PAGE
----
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Community was once defined by location, affiliation, or membership. But today, the internet is fostering a giant network of interconnected communities, most without any central authority. What happens when communities form and no one's in charge?
Communities happen when people have the ability to use their voice in a public and immediate way, forming intimate relationships over time.
Traditional web communities were company towns. You can use your voice, but only within the format and rules of the boss.
Community on the web is increasingly self-powered, independent. You are your own boss.
Technologies powering distributed community: Blogs, comment systems, trackbacks, tags, APIs, blogrolls, referers (MeasureMap), and the good old Link.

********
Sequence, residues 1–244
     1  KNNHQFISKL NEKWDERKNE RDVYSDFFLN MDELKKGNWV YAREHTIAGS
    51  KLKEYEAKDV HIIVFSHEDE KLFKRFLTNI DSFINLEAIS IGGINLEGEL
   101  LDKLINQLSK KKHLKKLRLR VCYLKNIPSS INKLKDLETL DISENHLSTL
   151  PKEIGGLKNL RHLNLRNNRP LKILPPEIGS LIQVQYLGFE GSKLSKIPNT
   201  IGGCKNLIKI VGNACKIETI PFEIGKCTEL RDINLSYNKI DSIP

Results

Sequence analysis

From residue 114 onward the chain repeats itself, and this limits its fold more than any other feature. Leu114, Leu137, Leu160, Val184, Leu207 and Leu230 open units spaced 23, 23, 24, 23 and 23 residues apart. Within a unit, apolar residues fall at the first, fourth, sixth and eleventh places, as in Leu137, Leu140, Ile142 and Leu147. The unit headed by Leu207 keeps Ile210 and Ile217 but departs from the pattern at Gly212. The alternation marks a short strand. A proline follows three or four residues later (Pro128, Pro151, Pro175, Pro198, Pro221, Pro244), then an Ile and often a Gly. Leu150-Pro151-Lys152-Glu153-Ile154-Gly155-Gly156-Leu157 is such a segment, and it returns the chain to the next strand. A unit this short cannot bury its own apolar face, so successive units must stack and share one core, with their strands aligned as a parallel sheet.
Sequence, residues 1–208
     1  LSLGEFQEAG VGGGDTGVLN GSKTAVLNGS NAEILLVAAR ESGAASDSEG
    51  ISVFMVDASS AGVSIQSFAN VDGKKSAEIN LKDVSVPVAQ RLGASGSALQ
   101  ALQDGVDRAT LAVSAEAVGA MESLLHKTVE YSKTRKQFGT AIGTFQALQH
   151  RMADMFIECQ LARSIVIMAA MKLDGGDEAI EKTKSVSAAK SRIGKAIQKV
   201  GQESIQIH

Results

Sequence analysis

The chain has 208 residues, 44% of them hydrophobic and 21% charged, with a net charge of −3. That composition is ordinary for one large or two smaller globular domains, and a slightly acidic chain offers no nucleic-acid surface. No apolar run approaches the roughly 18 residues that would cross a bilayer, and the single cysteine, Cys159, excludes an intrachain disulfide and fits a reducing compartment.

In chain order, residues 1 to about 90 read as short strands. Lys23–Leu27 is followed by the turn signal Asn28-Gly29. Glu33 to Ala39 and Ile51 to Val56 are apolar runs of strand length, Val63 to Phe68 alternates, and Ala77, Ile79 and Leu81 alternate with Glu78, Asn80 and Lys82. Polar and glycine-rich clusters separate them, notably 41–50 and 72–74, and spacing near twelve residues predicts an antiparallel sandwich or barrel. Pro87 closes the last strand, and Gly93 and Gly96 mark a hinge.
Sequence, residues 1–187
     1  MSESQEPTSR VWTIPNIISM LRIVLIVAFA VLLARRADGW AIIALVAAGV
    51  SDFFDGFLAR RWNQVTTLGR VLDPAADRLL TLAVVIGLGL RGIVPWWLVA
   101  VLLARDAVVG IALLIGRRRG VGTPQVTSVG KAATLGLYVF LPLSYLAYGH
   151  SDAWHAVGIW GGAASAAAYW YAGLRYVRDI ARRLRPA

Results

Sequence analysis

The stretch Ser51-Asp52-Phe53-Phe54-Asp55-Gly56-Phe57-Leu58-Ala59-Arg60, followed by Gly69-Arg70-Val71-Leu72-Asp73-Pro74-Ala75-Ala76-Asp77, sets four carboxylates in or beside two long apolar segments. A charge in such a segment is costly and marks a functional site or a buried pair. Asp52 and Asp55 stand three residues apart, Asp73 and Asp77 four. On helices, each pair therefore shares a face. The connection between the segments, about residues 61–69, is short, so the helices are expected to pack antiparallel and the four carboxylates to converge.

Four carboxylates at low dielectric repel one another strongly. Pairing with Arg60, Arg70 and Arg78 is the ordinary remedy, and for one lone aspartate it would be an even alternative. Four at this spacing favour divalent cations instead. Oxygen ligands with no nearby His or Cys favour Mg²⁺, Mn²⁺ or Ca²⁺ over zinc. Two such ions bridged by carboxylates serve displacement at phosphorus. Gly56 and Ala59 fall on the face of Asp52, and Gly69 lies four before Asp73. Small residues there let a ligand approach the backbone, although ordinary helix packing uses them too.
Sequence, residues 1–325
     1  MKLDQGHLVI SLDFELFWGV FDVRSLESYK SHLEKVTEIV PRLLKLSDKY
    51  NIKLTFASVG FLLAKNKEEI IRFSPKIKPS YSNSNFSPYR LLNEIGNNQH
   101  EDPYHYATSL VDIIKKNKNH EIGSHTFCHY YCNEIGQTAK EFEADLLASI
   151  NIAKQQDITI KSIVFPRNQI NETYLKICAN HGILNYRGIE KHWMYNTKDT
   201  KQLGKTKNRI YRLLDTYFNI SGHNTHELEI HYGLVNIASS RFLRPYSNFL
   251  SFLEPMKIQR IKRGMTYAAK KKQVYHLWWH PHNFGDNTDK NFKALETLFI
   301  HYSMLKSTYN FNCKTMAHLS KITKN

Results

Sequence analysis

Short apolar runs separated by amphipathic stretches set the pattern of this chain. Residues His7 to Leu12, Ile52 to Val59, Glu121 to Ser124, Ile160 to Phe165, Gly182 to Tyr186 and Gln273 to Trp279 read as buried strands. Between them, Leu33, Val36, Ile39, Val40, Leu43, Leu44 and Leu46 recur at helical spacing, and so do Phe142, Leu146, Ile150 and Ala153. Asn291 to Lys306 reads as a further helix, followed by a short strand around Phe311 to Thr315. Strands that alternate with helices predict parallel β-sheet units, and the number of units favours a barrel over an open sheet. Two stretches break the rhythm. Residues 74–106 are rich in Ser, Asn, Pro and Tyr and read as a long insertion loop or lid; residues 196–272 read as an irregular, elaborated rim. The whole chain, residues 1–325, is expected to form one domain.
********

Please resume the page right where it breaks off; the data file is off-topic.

Proof of life.
You're Spike. You feel like you're misunderstood. When you care for others, it's deeper than they'll ever know. Though no one thinks you'll change/pull through, you'll show them. Which Buffy The Vampire Slayer Character Are You Most Like!?
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PROs: Self-ownership - no one can turn you off, more human-scale, fewer bozos - nobody graffitis their own house.
CONs: No one's in charge, no moderators, hard to converge, difficult tools.
Flickr: Open APIs, RSS, Tags, Blog this photo.
You Tube: Blog this video, contribution culture.
TypePad: Decentralized, but still SPOF. (Renters.)
Last.FM: Connected to apps.
Treat your community well. Because they'll leave if you don't.
Decentralized community better mirrors "real" community (for better or worse).
Move toward a community affiliation life cycle: grow up in your parents house, move out on your own, buy a house.
Blogs have forced Company Towns to interact with the rest of the world.
Nowhere to go but up.